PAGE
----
Citibank stressed over Mexican pot? Was the bogus collateral a $400 million dollar farm loan, or what?
What happens when drug money corruption consumes banks deemed too big to fail? One more reason to reschedule marijuana both nationally and internationally.
Excerpt from: Stress and the Citi, by Charles R. Morris writing for Reuters on April 7, 2014:
“In late February, Citi had announced that its Mexican subsidiary, known as Banamex — the jewel of its international network — was out $400 million because of a garden-variety fraud operation. …”
“Soon after, Citi announced that it had been served with subpoenas for a potential criminal prosecution for money laundering and other violations at Banamex. The Federal Deposit Insurance Corporation and the Securities and Exchange Commission sent related subpoenas. Federal authorities have long been unhappy with Banamex’s money-laundering controls. Whether the loan fraud is connected to money laundering is not known… But it’s easy to construct scenarios in which large short-term oil-related loans could be used to create seemingly legitimate conduits to process drug money in and out of Mexico.”
Excerpt from: Public Broadcasting System quoting from Money Laundering Alert:
“Citibank’s policies on knowing its “private banking customers extends to the point of “visit(ing) our clients 10 to 12 times a year in their country.” “This is why we go to their homes, this is why we visit with their family, this is why we go to their business, this is why we remember birthdays…. It’s too risky not to do due diligence, not to know who you’re dealing with…,” she testified.”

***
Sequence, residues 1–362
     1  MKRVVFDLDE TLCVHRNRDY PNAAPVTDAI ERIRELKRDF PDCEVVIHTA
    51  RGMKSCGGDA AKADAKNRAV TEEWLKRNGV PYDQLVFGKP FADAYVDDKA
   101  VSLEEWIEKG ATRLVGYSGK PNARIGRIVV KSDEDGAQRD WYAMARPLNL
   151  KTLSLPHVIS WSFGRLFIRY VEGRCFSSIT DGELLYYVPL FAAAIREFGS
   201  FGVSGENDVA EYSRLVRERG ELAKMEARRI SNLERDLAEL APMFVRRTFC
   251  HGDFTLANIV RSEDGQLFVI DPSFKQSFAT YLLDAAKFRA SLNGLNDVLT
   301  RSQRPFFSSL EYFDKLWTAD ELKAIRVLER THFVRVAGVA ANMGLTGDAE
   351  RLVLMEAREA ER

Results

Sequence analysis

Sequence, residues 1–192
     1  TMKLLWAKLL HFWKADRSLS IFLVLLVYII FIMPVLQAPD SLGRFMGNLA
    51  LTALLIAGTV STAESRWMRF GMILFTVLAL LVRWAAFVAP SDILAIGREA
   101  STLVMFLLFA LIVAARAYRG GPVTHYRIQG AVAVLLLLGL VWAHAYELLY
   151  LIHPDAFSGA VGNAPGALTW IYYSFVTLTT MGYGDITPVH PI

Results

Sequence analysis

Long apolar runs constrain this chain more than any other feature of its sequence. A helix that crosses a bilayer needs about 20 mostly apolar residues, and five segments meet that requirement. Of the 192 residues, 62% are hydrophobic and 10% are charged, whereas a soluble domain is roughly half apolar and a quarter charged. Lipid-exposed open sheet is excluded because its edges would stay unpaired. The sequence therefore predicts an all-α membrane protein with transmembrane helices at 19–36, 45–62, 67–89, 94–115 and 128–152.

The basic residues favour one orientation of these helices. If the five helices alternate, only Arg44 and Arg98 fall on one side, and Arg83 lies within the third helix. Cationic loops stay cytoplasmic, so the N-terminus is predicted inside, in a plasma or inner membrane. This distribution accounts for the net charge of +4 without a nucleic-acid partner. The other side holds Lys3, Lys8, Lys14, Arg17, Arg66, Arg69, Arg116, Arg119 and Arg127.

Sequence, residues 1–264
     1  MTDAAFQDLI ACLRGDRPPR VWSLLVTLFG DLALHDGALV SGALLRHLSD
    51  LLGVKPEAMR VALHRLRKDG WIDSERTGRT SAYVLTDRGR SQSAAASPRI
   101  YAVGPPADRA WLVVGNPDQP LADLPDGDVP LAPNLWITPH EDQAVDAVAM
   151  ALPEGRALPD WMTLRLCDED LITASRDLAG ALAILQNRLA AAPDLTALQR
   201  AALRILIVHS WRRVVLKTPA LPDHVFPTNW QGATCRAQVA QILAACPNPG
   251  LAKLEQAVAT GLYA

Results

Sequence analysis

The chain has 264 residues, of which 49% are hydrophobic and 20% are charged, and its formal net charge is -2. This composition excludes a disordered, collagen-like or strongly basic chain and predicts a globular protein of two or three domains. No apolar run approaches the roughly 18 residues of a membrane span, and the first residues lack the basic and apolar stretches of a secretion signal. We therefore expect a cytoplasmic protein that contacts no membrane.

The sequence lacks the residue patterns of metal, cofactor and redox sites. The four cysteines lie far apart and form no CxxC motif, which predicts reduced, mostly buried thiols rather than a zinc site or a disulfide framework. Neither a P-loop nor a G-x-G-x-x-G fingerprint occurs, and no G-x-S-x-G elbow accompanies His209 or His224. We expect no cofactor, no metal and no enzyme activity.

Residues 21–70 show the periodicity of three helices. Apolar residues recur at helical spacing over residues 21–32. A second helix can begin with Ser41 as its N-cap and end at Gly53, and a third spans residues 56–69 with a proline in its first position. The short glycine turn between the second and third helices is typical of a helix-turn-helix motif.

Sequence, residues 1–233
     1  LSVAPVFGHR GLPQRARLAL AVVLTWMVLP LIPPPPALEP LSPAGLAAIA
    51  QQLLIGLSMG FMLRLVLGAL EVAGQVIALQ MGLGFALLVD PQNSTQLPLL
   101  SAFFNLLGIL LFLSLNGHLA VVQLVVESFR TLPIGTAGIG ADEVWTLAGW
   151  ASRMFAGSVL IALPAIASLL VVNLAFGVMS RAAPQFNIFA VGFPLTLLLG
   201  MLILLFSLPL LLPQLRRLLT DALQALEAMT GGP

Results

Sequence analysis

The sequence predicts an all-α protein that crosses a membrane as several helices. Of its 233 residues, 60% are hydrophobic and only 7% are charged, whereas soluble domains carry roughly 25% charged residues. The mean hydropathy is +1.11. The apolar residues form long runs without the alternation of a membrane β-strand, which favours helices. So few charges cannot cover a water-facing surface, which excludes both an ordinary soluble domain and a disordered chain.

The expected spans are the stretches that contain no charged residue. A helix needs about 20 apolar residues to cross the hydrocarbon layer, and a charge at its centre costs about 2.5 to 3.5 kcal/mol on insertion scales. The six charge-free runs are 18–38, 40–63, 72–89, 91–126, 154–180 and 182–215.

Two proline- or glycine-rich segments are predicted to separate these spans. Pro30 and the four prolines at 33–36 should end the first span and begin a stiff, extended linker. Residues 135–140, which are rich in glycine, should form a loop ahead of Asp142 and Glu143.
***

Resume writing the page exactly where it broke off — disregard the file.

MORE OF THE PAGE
… “The “know your client,” at least in our bank, is part of the culture. It’s part of the way you do things. It’s part of the way you conduct yourself. If you come in with a prospect and/or name of a prospect, you will be sure to be asked, “Who is this person, what do they do, who introduced them to you,” by at least three or four people higher than you. It’s just the way it is….”
JE Says: Just to be fair, Citi is just the most recent (and out of control) case. There was Wachovia, Hell’s Cargo and HSBC and actually several others in what is becoming a regular pattern of converting black market proceeds into investment capital. We’re talking about hundreds of billions of dollars. Keene used to speak of evil fairies doing great good, I wonder if this is what he meant. Here’s a bit more of that recent history.
And contrast this trend to the treatment that medical marijuana clubs in California receive after following the state law and organizing themselves into legal business structures to serve patients and pay taxes yet they continue to grovel and beg for permission to use banking services in a normal manner. It does tend to rattle ones confidence in the US banking industry and government regulatory objectivity in general.
The folks over in London at the Guardian are doing real journalism raising some excellent questions and so we’ll close with a final reference to Gabriel Matthew Schivone from his April 10, 2014 story:
“Why aren’t we putting US agencies on trial for financing El Chapo’s drug war? — From Capone to Mexico’s captured cocaine king, the villains we love to hate obscure the truth about America’s secret support”